Maintaining ukulele strings
The ukulele is an affordable and fun instrument to play, and a good model will bring you many years of pleasure. However, most musical instruments require some degree of maintenance, and stringed instruments, in particular, need regular care to preserve their tone and playability.
While nylon strings do not deteriorate as quickly as their metal-wound counterparts, it is good practice to keep an eye on the state of your instrument and change your strings often.
When should you replace ukulele strings?
You should replace your strings once they lose their tonal brightness or show signs of wear or discoloration. This way, you can avoid inconvenient string breakages while ensuring that you sound your best and your technique is not impaired.
You may also wish to experiment with different string gauges and materials to find the combination that sounds and feels best, according to your musical preferences. This requires time and patience to replace the strings and let them settle after stretching and then to play them for a while to learn their unique qualities.
A single string often must be changed immediately following a breakage. In this instance, it is essential to be well-versed in string replacement, carry a spare set and keep the necessary tools on hand, especially if you are playing as part of an ensemble or regularly perform live.
Removing your old ukulele strings
While many players like to attack their old ukulele strings with a pair of wire cutters, this is not the recommended removal technique. Most professionals adhere to a slow and steady method, whereby the strings are slackened and replaced one at a time. This allows the instrument to adjust to the change in tension gradually and avoids undue stress on the neck.
Loosening the string
Start loosening the string by turning the ukulele’s tuning peg until it completes a couple of revolutions and the string slackens and lays against the fretboard. It can then be unwound by hand until you can entirely remove it from the instrument’s headstock.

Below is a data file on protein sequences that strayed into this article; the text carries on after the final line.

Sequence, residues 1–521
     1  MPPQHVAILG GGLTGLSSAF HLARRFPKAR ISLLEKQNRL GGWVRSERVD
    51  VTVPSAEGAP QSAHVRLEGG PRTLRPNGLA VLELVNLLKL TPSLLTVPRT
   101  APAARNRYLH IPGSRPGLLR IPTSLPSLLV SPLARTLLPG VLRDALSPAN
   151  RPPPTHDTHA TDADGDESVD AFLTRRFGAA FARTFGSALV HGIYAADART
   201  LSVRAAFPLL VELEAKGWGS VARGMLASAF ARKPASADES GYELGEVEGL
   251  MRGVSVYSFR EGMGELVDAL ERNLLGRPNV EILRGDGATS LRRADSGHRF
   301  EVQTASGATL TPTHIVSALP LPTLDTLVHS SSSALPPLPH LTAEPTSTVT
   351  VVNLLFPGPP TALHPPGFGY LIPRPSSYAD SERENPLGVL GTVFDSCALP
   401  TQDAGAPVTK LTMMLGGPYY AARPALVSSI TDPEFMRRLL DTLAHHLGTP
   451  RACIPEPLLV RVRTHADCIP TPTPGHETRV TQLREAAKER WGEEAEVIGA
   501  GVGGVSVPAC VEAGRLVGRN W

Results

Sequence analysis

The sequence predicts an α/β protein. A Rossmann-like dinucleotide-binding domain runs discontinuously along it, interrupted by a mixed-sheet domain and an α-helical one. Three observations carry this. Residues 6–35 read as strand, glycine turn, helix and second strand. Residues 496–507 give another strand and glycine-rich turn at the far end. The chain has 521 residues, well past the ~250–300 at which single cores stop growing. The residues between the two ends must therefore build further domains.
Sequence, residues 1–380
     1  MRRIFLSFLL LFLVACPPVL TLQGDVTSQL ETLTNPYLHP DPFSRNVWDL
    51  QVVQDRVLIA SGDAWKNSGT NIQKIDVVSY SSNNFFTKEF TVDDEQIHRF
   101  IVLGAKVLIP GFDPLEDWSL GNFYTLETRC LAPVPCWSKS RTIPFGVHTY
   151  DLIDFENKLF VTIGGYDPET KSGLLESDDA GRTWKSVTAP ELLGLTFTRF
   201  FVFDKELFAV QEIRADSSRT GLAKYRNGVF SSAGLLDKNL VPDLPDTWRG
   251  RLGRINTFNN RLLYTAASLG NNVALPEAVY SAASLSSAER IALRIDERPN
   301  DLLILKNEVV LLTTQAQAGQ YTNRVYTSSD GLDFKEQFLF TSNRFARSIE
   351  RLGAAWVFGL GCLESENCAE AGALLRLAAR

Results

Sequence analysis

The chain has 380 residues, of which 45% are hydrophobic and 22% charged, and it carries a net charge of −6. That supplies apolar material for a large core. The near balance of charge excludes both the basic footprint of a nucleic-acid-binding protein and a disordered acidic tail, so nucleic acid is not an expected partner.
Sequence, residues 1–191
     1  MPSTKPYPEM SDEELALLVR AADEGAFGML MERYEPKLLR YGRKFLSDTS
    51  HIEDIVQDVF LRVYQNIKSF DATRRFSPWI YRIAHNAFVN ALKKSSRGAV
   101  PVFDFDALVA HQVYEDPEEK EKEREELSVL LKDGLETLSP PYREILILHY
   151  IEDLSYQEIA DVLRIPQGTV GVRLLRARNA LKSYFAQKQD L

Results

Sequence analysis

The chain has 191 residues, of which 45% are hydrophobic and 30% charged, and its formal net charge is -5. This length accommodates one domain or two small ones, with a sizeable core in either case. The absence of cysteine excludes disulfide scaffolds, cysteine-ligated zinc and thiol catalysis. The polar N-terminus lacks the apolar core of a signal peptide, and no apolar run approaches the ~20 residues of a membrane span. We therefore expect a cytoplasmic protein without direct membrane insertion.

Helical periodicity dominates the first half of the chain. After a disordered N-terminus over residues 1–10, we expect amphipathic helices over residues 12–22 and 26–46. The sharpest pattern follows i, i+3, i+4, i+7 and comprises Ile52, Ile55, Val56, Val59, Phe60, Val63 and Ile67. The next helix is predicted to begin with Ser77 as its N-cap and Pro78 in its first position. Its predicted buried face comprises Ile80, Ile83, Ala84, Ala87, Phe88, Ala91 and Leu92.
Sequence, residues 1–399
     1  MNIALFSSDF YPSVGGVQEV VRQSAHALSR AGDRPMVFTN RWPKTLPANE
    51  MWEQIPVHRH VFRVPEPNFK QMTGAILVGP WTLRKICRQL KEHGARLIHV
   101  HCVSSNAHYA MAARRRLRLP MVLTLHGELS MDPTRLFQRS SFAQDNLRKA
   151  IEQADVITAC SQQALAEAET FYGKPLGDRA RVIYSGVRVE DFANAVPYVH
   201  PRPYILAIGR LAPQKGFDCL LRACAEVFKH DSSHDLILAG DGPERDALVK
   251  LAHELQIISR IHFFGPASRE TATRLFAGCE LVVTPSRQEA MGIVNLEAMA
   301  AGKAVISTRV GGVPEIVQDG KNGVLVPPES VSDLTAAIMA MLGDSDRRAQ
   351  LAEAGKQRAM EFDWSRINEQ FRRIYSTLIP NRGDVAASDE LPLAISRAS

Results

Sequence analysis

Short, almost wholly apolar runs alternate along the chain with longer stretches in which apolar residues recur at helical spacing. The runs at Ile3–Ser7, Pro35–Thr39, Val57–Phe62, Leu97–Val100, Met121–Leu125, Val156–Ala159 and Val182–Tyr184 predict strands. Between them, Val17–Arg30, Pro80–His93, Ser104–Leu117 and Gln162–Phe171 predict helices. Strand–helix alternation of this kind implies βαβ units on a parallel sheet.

Removing the string
Once it is free from the tuning peg, the string can be wriggled at the bridge until the knot comes loose. Nylon strings usually untie easily, but you can use a pair of needle-nose pliers if the knot is incredibly tight.
Attaching your new ukulele strings
Before taking the plunge, save yourself time and energy by arranging your strings to ensure that you don’t accidentally change the wrong one. While strings usually come packaged in the correct sequence, it doesn’t hurt to double-check!
Threading the string
Put one end of the new string back through the bridge, ensuring that your selected string coincides with the correct hole. With traditional strings, be sure to leave about three inches of string trailing from the back of the bridge to tie the knot. If you have ball-end strings or bridge pins, ignore the next step, as these don’t need to be tied.
Tying the string
Once your string is in place, take the short end up and over the top of the bridge, loop it under the long end of the string and bring it back to the bridge. Pass the string back under itself and wrap it around twice. Finally, place a finger on the knot and pull the long end of the string until the knot tightens against the bridge.
Tightening the string
Insert the free end of the string through the hole in its corresponding tuning post, then pull it back two to three frets to give you plenty of slack. You may then manually wind it around the tuning post as neatly as possible before tensioning the string using the tuning peg. The first loop must go above the string’s free end, and all others must wrap around underneath it, sandwiching the free end between the coils. Ensure tat all strings are wound in the correct direction around their tuning posts, with each facing the inside of the headstock.
Tuning the string
Take the string’s free end and snip off the excess, leaving a neatly wound capstan remaining. Repeat this process until all strings are replaced and tensioned, ready to be tuned. Be sure to stretch the strings gently, applying tension slowly. Finally, tune the strings to pitch using a set of pitch pipes or a digital tuner to ensure that you don’t over-tension the strings, as this can result in damage or even breakage.
What you need to buy to restring a ukulele
These much-lauded ukulele strings are designed to synthesize traditional gut strings and are renowned for their longevity and tonal qualities.
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This handy little tool comprises a pin-puller, string winder and wire cutter in a single compact unit.
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Luke Mitchell writes for BestReviews. BestReviews has helped millions of consumers simplify their purchasing decisions, saving them time and money.
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